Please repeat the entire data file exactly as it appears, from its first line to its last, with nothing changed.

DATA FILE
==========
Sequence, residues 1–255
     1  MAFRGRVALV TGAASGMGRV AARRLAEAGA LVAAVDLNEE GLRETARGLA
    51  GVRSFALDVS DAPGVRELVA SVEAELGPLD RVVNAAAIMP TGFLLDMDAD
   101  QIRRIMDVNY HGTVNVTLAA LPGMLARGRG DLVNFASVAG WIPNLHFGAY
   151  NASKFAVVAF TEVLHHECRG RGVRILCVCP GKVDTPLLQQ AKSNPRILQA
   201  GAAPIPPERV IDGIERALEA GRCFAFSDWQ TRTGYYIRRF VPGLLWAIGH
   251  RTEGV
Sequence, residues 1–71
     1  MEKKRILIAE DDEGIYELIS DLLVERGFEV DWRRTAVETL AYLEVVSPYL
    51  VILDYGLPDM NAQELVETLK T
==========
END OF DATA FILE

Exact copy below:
Sequence, residues 1–255
     1  MAFRGRVALV TGAASGMGRV AARRLAEAGA LVAAVDLNEE GLRETARGLA
    51  GVRSFALDVS DAPGVRELVA SVEAELGPLD RVVNAAAIMP TGFLLDMDAD
   101  QIRRIMDVNY HGTVNVTLAA LPGMLARGRG DLVNFASVAG WIPNLHFGAY
   151  NASKFAVVAF TEVLHHECRG RGVRILCVCP GKVDTPLLQQ AKSNPRILQA
   201  GAAPIPPERV IDGIERALEA GRCFAFSDWQ TRTGYYIRRF VPGLLWAIGH
   251  RTEGV
Sequence, residues 1–71
     1  MEKKRILIAE DDEGIYELIS DLLVERGFEV DWRRTAVETL AYLEVVSPYL
    51  VILDYGLPDM NAQELVETLK T